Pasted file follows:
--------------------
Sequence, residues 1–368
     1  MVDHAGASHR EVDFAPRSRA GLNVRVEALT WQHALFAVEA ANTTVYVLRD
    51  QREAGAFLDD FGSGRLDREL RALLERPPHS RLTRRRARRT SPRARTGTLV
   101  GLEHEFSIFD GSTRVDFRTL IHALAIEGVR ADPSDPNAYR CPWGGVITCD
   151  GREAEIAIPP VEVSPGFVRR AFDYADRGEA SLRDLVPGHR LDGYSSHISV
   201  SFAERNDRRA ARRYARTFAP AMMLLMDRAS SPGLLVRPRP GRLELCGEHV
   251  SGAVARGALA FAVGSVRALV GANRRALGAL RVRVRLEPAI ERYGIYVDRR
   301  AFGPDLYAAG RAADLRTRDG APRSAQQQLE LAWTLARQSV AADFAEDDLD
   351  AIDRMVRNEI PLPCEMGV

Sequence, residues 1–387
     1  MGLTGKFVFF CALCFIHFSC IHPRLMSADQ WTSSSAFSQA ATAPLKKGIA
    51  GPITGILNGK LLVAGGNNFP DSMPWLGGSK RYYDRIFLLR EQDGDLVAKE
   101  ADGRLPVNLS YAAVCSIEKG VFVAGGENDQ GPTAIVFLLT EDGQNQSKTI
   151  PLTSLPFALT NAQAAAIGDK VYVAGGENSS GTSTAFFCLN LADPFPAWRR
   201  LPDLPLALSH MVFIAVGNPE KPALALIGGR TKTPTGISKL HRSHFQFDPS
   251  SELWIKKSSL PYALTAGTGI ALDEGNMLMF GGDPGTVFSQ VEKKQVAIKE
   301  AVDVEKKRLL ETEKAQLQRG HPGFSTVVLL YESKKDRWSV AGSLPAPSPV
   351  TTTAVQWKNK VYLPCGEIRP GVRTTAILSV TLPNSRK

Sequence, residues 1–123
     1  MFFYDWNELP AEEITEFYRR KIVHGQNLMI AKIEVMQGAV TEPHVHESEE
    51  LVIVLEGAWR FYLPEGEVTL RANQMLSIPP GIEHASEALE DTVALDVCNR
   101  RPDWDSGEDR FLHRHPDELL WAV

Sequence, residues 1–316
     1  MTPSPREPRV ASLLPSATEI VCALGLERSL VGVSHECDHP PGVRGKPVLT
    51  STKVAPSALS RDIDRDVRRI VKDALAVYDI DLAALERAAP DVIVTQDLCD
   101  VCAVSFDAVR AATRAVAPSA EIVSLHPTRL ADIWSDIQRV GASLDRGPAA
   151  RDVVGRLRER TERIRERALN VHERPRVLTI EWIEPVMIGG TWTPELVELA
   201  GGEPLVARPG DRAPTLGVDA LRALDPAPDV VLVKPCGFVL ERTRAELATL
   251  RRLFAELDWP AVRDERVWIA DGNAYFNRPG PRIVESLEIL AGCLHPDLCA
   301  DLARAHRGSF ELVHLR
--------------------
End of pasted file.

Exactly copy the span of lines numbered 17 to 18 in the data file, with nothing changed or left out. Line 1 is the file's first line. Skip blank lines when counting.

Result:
   301  AVDVEKKRLL ETEKAQLQRG HPGFSTVVLL YESKKDRWSV AGSLPAPSPV
   351  TTTAVQWKNK VYLPCGEIRP GVRTTAILSV TLPNSRK